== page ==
Step dad’s support, effort pay off
ANY MAN could father a child. But it takes a real man to be called a dad.
Lord Jashem Maraño proved this when he helped raise Alexi Kouzenya Cabayaran of Silay City, Negros Occidental to be a multi-titled swimmer at a young age.
This he accomplished despite being the step dad of the 11-year-old Cabayaran.
But Maraño has showed he is more than capable of playing the role of a dad.
In fact, Cabayaran’s accomplishments in the recent 23rd Milo Little Olympics Regional Visayas Finals can be partly credited to him, who has been supportive of the skills of the youngster from the start.
Cabayaran, a first timer, had stunned the 23rd Milo Little Olympics Regional Visayas Finals after she bagged a total of nine gold medals, four of which in record breaking fashion, which earned her the honor of being named as the Most Outstanding Athlete in swimming.
Cabayaran was abandoned by her biological father when she was still an infant.
But fortune had smiled upon her when her mother, April Empio, met Maraño, who has since then stepped up to the plate of being the child’s dad.
It was Maraño who saw the potential of Cabayaran as a swimmer. He was also the one responsible of developing her skills since she showed interest in the sport when she was still five years old.
“She really loves being in the water, so I figured a way to develop her skills and thank God it paid off very well,” said Maraño.
According to Maraño, Alexi has a “God-given talent” in swimming.
“Me and her mother are both scared to swim. And nobody in our family has a swimming background. So it is very surprising to see how talented she is when it comes to swimming. I think God blessed her with this talent and I am very thankful for it.”
While Alexi clearly has the talent in swimming, it seems that she couldn’t have achieved her goals without the help and guidance of her step dad. The perseverance of Alexi in training and Maraño in guiding his stepdaughter may be the reason for the youngster’s success.
Maraño accompanies Alexi when she travels 60 kilometers from the Mambulac Elementary School in Silay City onboard a tricycle to the Olympic-sized pool in Bacolod City to train every day.
“I have to be always at her side so that she can feel my love like her real father. Part of my income in my business I spent to support her training in swimming because she’s the only swimmer in her school,” said Maraño, who who runs an egg wholesale business in Silay City.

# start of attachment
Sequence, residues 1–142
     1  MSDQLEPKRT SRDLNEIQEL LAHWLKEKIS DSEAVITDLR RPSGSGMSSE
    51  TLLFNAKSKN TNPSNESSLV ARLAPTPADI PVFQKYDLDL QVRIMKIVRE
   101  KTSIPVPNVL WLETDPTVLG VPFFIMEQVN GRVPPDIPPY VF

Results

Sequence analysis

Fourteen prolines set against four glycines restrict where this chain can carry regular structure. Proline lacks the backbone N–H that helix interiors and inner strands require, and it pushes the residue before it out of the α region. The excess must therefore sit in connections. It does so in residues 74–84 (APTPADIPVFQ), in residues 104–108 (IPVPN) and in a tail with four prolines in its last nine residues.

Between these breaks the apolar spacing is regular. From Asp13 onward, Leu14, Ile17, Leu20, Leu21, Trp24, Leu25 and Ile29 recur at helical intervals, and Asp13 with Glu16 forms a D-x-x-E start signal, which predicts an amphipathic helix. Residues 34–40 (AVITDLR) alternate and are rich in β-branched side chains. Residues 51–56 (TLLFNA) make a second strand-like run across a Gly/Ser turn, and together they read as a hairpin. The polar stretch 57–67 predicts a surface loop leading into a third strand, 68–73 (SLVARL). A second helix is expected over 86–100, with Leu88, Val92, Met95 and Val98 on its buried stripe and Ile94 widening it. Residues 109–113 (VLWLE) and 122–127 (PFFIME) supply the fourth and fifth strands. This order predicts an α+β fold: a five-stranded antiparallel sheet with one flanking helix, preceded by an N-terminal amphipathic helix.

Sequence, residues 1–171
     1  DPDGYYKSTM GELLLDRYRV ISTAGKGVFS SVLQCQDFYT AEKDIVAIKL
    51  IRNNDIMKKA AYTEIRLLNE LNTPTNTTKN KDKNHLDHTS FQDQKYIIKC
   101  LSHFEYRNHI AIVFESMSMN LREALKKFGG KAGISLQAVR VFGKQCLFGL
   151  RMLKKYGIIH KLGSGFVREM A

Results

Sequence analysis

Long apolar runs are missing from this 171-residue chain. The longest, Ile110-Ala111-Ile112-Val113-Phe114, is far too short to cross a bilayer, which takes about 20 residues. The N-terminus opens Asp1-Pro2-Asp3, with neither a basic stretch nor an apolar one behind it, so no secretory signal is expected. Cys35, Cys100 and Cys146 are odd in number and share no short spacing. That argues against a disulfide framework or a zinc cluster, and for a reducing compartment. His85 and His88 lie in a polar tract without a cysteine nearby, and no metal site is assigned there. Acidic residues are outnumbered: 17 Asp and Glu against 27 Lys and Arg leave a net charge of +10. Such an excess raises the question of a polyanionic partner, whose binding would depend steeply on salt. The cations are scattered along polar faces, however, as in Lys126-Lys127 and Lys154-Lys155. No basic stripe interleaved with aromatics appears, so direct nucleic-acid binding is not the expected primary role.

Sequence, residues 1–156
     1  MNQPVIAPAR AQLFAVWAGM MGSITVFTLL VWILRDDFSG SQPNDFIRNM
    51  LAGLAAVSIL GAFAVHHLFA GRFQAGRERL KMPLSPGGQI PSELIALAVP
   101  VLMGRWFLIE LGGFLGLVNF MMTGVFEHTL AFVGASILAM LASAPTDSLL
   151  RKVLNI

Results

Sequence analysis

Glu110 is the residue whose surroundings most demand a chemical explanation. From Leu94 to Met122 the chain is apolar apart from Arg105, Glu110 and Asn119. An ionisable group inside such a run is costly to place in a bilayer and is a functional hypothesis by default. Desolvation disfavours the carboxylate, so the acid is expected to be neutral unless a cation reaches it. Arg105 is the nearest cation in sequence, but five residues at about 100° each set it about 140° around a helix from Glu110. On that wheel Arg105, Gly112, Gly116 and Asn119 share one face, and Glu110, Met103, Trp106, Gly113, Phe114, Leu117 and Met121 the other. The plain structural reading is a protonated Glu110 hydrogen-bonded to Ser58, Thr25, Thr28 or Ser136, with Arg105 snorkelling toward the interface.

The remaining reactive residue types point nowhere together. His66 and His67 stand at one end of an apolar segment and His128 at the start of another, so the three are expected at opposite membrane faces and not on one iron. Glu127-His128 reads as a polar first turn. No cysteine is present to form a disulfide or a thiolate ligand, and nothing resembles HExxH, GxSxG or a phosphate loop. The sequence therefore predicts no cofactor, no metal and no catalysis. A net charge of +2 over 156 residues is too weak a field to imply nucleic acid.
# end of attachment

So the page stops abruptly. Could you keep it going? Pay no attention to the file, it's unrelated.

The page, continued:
The promising Alexi also should be credited for her achievements so far.
“She is really a hardworking student and athlete that is why we are very proud of her,” said Empio of her daughter, adding that her daughter usually wraps up her training about 9 p.m. and still attends to her studies as soon as she gets home.
All those sacrifices, though, has paid off.
Alexi broke multiple gold medalist Kyla Soguilon’s 2016 100-meter freestyle record of 1:06.00 with her time of 1:04.48. She also erased Raven Faith
Alcoseba’s records in the 100m butterfly and the 200m freestyle.
She clocked 1:10.51 to eclipse Alcoseba’s 2014 1:15.46 record in the 100m butterfly, then finished in 1:06.00 in the 200m freestyle to beat Alcoseba’s 2:27.34 record logged in 2014.
The Ilongga also bested Marielle Estreba’s 2016 record in the 400m freestyle of 5:18.53 by clocking 5:06.45.
“I would have never done this if not for my parents. They are very supportive in my swimming,” said the sixth-grader.
Her other golds came from the 100m backstroke, 200m individual medley, 50m freestyle, and the 500m butterfly events.
According to Maraño, his stepdaughter is just starting and with perseverance and loving support from the family, he is confident that she will become a force to be reckoned with in the future.
Currently, they have hired a private swimming coach, Edmond Chua, for Cabayaran to further develop her swimming skills.
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